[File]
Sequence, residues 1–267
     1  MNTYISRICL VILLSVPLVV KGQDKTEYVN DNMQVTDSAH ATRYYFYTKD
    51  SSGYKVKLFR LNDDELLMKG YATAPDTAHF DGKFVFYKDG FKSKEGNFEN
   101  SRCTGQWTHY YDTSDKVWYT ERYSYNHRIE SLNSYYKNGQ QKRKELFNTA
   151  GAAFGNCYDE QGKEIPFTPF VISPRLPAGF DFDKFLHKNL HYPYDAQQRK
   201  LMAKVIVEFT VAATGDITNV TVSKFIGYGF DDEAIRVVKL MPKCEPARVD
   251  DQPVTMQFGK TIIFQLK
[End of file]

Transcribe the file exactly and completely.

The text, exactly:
Sequence, residues 1–267
     1  MNTYISRICL VILLSVPLVV KGQDKTEYVN DNMQVTDSAH ATRYYFYTKD
    51  SSGYKVKLFR LNDDELLMKG YATAPDTAHF DGKFVFYKDG FKSKEGNFEN
   101  SRCTGQWTHY YDTSDKVWYT ERYSYNHRIE SLNSYYKNGQ QKRKELFNTA
   151  GAAFGNCYDE QGKEIPFTPF VISPRLPAGF DFDKFLHKNL HYPYDAQQRK
   201  LMAKVIVEFT VAATGDITNV TVSKFIGYGF DDEAIRVVKL MPKCEPARVD
   251  DQPVTMQFGK TIIFQLK